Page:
With the Dow Jones Industrial Average and the Standard & Poor’s 500 at all-time highs, and the Nasdaq Composite Index at highs not seen for more than a decade, stock investors have enjoyed the best year for performance since 2003. As we look to 2014, investors will be challenged with some of the most complex economic conditions in history.
Surprisingly, stocks tend to perform quite well in the year following a year with double-digit gains. Going back to 1975, stocks have had 10 years during which performance exceeded 10 percent, following a year of less than 10 percent gains. Of those 10 occurrences, seven, or 70 percent of the time, the following year also saw double-digit stock gains. In three instances, the second years’ performance was superior to the first, and in one case, from 1995 through 1999, stocks generated five consecutive years of double-digit gains.
Next year may be different, however. With the Fed beginning the tapering process — reducing its monthly bond purchases — it will be much more difficult for the economy to generate acceptable levels of GDP growth and sustained employment gains. The stimulus injected into the economy through the Fed’s bond-buying program has been a key driver for stock performance in 2013. With the expectation that the Fed will remove all stimulus by the end of 2014, stocks will not have this underlying foundation of support to drive strong gains. As a result, stock performance will be much more dependent on revenue and earnings growth rates that, to date, have been uninspiring to say the least.
Looking to other asset classes, we will see bonds, real estate and commodities suffer as interest rates on the long end of the yield curve increase. The Fed’s commitment to maintain a zero percent Fed funds rate at the short end of the curve was heralded this past week as a positive for the economy. However, the result of holding short rates at zero percent while long rates push higher will be a steepening yield curve. Bonds in particular tend to perform very poorly in environments with steep yield curves, with longer maturity bonds suffering the largest losses in value. Those investors dependent on current income generated from bond portfolios will find it difficult to maintain portfolio values in this environment.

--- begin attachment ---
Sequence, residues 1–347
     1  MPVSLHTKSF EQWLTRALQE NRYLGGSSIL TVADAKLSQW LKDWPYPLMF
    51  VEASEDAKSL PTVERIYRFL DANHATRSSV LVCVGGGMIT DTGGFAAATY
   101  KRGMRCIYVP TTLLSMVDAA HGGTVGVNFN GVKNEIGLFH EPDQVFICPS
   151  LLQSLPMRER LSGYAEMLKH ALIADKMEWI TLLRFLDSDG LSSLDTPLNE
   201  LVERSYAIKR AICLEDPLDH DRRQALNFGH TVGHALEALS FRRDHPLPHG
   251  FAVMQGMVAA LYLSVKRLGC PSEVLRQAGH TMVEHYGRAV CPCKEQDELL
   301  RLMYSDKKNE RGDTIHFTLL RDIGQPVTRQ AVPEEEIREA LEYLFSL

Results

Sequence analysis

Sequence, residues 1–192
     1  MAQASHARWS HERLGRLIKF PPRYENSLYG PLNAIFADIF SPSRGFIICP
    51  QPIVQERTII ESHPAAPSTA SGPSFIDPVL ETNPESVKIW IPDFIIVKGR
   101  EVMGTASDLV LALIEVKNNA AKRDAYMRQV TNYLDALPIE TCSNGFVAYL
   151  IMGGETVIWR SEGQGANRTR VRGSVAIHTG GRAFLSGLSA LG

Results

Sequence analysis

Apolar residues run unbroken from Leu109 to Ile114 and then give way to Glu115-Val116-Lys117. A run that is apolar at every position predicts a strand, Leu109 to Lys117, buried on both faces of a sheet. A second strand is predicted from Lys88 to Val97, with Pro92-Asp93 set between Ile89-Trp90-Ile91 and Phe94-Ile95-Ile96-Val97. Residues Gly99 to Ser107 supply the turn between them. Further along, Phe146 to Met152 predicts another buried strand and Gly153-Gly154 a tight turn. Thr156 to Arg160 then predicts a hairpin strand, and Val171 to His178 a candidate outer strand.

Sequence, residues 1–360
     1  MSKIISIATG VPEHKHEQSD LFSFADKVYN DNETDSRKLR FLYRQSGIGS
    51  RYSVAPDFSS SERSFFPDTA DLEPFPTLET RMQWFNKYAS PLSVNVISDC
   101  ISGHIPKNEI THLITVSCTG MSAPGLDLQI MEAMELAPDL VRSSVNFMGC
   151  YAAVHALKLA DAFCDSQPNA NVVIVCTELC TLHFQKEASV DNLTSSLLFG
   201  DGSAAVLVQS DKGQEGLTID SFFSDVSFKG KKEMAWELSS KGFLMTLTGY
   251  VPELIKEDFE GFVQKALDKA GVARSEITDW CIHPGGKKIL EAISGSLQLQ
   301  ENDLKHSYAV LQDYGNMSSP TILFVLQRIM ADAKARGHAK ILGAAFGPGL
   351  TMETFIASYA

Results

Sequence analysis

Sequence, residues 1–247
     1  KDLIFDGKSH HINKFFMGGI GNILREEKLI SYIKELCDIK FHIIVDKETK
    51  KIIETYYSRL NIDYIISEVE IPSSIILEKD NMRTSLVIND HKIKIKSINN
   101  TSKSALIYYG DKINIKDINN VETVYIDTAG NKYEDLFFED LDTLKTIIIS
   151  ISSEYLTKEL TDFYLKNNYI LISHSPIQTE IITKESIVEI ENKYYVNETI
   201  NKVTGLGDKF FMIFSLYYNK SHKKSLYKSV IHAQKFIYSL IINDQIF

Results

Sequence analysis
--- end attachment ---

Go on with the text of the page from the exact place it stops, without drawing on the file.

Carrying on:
Rising interest rates (rates have been held artificially low as a result of the Fed’s bond-buying program, and as this stimulus is removed, rates will rise), especially on the long end of the curve, will certainly hurt real estate values. Higher mortgage rates will mean lower affordability for those who can qualify, and fewer people will qualify. As rates rise, prices must come down to maintain equivalent affordability, at least for those who need a mortgage to purchase a home.
Rising interest rates do not help capitalization rates for real estate investors either, as returns must be evaluated in the context of a more expensive borrowing environment. Activity in the real estate market has been curtailed due to a lack of inventory, as many homeowners either have negative equity — they owe more than the home is worth, or have too little equity to be able to secure a mortgage on the next property they would purchase. The added 3.5 percent tax on all capital gains for individuals earning $200,000 or more, and couples earning $250,000 or more, as a result of Obamacare, will also hurt real estate, as those who are able to sell and who have a capital gain will have less to reinvest in the next property.
If we compare all of these major asset classes, stocks look to be the most attractive choice for the foreseeable future. Even in a rising interest rate environment, and even with some inflation, stocks should perform well relative to other asset classes, as long as rates do not rise too quickly, and as long as inflation does not spiral out of control. Inflation appears to be under control at present, and the Fed plans to taper slowly throughout 2014. If the economy can generate 2.5 percent to 3 percent growth in 2014, stocks should be able to generate reasonable revenue and earnings growth throughout the year, improving valuations and allowing stocks to perform reasonably well. However, we should not expect stocks to rise as they have in 2013.
Next year will likely be a stock picker’s market — investors will not be able to simply buy and hold the overall market and expect to generate double-digit returns. While anything is possible, conditions look to be challenging. If the Fed gets it even a little wrong, things could get ugly in a hurry. Volatility will likely be much higher, with more frequent corrections of larger magnitudes. Smaller investors will be much more likely to panic-sell in this kind of environment, exacerbating losses in times of corrections.
With this type of investing environment, it will be critical to have a well-reasoned financial and investment plan in place, with clearly defined objectives. Strong plans can assist investors in sticking with their investing program in times of uncertainty, preventing them from making emotion-based decisions. It has been a tough road back from the depths of the Great Recession. For investors who have taken great risk to achieve strong returns during 2013, the last thing they will want to do is to give back those gains in 2014.